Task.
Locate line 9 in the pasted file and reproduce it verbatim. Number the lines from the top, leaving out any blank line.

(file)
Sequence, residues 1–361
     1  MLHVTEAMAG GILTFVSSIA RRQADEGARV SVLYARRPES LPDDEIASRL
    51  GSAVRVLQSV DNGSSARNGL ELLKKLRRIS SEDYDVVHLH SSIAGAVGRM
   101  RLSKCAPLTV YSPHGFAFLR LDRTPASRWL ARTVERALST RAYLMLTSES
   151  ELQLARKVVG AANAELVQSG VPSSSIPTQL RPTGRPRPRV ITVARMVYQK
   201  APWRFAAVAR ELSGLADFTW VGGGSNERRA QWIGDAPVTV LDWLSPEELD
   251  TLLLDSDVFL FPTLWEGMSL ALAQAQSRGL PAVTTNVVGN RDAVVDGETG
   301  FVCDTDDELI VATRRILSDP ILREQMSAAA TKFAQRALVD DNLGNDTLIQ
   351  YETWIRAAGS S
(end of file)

   351  YETWIRAAGS S